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Google Asks Judge To Throw Out DOJ Antitrust Suit

 |  December 13, 2022

On Monday Google asked a federal court to toss out the DOJ’s 2020 lawsuit against it, which alleged that the search giant violated antitrust law to maintain dominance in its search business.

Documents laying out Google’s reasoning for the summary judgment request were sealed. When it was filed, the company said the lawsuit was “deeply flawed” and “relies on dubious antitrust arguments.” It argued that its overwhelming market share, which allowed “google” to become a verb meaning “search,” is thanks to the quality of its search product, adding that its efforts to promote search were entirely legal.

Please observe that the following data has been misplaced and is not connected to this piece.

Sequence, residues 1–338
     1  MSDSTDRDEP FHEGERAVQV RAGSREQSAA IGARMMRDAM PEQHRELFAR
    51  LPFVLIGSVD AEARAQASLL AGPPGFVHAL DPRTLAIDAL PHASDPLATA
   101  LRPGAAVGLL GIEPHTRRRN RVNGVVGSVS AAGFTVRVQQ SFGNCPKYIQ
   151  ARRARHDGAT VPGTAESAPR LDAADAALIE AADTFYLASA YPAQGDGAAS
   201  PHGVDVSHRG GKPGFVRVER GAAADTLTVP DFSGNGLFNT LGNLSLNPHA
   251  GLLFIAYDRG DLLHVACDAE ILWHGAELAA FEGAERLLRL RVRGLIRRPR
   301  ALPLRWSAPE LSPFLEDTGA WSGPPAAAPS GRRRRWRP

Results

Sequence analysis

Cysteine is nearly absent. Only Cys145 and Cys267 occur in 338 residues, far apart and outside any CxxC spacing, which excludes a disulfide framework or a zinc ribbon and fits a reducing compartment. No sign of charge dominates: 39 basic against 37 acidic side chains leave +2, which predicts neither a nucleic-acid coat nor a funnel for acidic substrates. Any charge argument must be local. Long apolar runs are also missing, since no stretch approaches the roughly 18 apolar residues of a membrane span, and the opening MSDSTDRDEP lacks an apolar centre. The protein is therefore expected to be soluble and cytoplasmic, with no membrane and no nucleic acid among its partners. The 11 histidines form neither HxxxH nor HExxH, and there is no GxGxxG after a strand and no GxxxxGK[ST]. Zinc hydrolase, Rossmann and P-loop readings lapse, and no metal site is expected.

Related: FCC Head Wants DOJ To Probe Apple, Google’s Relationship With TikTok

The DOJ and states brought the complaint under Section 2 of the Sherman Act, alleging Google has unlawfully maintained monopolies in markets for “general search services, search advertising, and general search text advertising.”

“Google is the gateway to the internet and a search advertising behemoth,” U.S. Deputy Attorney General Jeffrey Rosen said. “It has maintained its monopoly power through exclusionary practices that are harmful to competition.”

The states in the lawsuit are Arkansas, Florida, Georgia, Indiana, Kentucky, Louisiana, Mississippi, Missouri, Montana, South Carolina and Texas.
Trial in the case is set for September 2023.